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Babumoshai Bandookbaaz Movie Review: If Only The Story Was As Impressive As The Performances

Planning to watch Babumoshai Bandookbaaz this weekend? Read our review first.

Kriti Tulsiani | News18.com@sleepingpsyche2

Updated:November 1, 2017, 11:47 AM IST
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Director: Kushan Nandy
Cast: Nawazuddin Siddiqui, Bidita Bag, Jatin Goswani, Divya Dutta


Babumoshai Bandookbaaz is a little better than a typical run-of-the-mill film. Mainly because it takes you back to the Gangs Of Wasseypur days, only to make you realise what a gem of film that was (is). The film doesn’t bear resemblance per se but reminds you of the Anurag Kashyap-directorial. Why? Because, Nawazuddin Siddiqui.

While Gangs of Wasseypur effortlessly made the audience sit up and take notice of Siddiqui’s potential, Babumoshai Bandookbaaz tries to rest itself on the shoulders of the cast. Siddiqui plays Babu Bihari, a dedicated gun-for-hire, who works for anyone who offers him a decent ransom. His first killing dates back to childhood – when he was 10 years old and decided to take someone’s life for two bananas. A professional king in his own right, Babu is now habitual to the trotting lifestyle but finds himself hooked to a shoe-mender, Phulwa (Bidita Bag), during one of the missions assigned to him by a fierce politician, popularly known as Sumitra jiji (Divya Dutta). Soon, a steaming romance strikes off between them.

All is good in the lands of UP until another bounty hunter comes in the frame. He introduces himself as Banke Bihari (Jatin Goswami), a disciple of Babu, and his techniques obviously bear an uncanny resemblance to those of Babu. Soon the harmless banter of them two turn into a killing game. Having received the contract of killing the same people, they challenge each other on who kills the most number of people and the one who loses is expected to step out of the profession.

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The tale of love, lust, and gunfire further deepens when the Babu-Phulwa-Banke dynamics unfold. While Phulwa’s presence lights up the life of Babu; Banke, who’s dating an ‘item-girl’, gets visibly attracted to Phulwa. Meanwhile, a host of political-driven motives gets a series of twist and turns to the plot while the story unfolds.

Siddiqui as Babu is backed with nonchalant, curt yet smooth one-liners. The rustic appeal only gets the better of him. He makes you laugh when he takes jibes at himself, delivering punchlines like “Kaalapan kaafi demand mein hai aaj kal” or “tall nahi toh kya, dark aur handsome toh hu.” Even though his transformation from a mere profit-driven killer to a revenge-seeking lover is spot on, Babu, somehow, fails to etch a character strong enough. Jatin Goswami as Banke is impressive. He matches Siddiqui scene to scene, dialogue to dialogue and smile to smile, and emerges as a promising actor. Bidita Bag, the popular Bengali actor, is such a find for Bollywood. She oozes out a certain raw sensuality and delivers an earnest performance all throughout. Her intimate scenes with Siddiqui come out so polished. The ever-reliable Divya Dutta is in top-form as a lusty yet manipulative Sumitra jiji. She knows when to give a stare and when to hold back.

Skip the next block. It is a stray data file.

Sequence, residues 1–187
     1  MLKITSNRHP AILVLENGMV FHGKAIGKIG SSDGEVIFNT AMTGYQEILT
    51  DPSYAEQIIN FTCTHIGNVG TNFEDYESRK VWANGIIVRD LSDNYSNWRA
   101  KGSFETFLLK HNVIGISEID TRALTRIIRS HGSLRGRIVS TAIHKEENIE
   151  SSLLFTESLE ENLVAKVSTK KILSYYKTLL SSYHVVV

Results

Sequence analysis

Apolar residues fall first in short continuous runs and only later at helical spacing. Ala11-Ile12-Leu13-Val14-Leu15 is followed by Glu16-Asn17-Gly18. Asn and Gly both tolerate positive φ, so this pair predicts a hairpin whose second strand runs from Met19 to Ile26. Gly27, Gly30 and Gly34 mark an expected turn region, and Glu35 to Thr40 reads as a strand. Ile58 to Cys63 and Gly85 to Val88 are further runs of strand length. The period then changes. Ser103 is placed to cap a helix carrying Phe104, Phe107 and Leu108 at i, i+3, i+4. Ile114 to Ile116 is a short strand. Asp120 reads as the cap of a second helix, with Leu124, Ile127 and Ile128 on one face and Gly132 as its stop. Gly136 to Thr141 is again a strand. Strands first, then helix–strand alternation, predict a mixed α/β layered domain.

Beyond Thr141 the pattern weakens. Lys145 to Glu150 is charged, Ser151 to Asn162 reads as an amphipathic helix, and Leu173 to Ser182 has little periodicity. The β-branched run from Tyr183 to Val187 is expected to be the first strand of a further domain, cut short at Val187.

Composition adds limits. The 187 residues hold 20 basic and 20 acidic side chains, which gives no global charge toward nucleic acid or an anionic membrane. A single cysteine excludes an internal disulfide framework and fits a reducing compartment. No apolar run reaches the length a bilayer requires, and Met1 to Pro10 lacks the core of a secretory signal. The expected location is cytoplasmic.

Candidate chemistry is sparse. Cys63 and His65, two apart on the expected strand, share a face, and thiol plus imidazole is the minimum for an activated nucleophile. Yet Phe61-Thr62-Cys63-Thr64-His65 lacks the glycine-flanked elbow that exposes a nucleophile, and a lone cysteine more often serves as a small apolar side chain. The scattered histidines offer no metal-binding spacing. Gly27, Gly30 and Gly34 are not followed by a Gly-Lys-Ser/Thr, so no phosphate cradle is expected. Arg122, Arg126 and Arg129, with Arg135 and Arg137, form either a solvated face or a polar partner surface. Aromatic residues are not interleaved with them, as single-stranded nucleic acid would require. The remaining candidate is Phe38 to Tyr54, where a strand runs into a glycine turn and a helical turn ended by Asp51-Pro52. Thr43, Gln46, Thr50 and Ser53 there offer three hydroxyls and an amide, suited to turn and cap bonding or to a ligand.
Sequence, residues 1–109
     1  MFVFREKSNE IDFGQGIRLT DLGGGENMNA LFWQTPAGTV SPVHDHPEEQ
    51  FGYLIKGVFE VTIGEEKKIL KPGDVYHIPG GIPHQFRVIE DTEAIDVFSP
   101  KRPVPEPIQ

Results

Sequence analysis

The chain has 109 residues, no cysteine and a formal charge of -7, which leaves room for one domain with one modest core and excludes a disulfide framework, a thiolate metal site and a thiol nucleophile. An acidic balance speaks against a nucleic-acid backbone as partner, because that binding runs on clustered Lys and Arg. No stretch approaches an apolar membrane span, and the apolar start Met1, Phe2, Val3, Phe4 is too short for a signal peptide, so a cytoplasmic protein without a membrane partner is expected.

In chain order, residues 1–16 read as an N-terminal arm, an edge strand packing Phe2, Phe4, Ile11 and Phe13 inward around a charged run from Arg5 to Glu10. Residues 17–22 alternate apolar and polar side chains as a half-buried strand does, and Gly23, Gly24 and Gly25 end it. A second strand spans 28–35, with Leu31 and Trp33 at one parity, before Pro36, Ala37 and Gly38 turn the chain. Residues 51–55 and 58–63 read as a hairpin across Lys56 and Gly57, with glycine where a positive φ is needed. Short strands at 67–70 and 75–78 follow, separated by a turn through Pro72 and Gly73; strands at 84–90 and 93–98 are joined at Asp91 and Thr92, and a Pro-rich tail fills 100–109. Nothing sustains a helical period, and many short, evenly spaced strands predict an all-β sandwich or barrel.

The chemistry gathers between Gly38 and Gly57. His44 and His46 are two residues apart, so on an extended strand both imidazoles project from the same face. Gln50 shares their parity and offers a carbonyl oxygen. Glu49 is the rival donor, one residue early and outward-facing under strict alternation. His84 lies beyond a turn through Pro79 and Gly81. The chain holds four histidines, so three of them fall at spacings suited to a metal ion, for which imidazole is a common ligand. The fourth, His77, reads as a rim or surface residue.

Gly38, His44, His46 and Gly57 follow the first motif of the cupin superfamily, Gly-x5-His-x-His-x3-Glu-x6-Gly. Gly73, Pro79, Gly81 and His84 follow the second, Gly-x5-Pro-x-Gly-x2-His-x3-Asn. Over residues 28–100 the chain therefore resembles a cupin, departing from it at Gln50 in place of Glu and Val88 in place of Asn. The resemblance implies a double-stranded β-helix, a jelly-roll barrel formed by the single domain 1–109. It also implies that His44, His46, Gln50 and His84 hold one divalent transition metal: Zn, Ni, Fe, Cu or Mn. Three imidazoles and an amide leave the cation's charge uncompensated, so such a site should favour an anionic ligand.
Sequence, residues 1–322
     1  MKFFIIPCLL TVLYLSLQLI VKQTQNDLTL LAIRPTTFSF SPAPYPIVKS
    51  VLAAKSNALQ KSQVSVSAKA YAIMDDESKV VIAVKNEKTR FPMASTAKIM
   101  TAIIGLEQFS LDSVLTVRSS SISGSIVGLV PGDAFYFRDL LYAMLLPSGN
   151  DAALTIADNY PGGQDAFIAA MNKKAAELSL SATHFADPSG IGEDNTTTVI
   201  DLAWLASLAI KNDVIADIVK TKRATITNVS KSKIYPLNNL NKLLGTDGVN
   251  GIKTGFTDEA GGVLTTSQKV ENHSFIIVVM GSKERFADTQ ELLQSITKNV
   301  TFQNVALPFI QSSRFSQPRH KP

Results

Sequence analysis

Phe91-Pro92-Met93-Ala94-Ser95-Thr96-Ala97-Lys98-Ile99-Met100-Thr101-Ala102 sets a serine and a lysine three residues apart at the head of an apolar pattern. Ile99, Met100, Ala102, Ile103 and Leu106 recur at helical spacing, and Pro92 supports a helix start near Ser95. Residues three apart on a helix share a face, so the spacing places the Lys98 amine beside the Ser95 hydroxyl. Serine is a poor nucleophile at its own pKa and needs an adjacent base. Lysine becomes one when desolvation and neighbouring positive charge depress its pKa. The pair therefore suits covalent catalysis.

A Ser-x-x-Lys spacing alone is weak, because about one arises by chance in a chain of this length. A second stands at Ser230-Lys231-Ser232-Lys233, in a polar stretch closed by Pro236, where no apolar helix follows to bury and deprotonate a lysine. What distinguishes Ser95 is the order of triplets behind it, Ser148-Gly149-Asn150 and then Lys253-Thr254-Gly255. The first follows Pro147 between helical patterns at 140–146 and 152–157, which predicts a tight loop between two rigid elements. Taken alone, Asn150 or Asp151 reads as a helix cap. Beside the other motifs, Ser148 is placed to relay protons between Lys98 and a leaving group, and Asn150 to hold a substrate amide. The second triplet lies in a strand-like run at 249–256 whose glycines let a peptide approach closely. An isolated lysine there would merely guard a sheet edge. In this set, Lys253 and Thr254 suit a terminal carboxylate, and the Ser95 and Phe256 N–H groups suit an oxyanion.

While the first half somehow manages to interest, the second derails soon enough. Amid superficial plot twists and story curves, even the power-packed performances feel short. While most seem unnecessary, the overall vibe of the film reduces to a familiar mash-up of this genre and leave the viewers longing for something better imaginably.



The film has its moments – like the one where Babu and Banke discuss the mehengai (inflation) and their respective salaries over glasses of alcohol or when, every time, the police officer receives a call from his wife, he picks up saying, “Haan Meenaji.. boliye” even if it means taking a break in a significant run and chase sequence. Of course, there’s curt humour, but it’s not compelling enough to make the film work.

Babumoshai Bandookbaaz, in short, is a dry film of love, lust and gunfire. Siddiqui and the cast deserve a better story to fall back on, perhaps.

Rating: 2/5
| Edited by: Kriti Tulsiani
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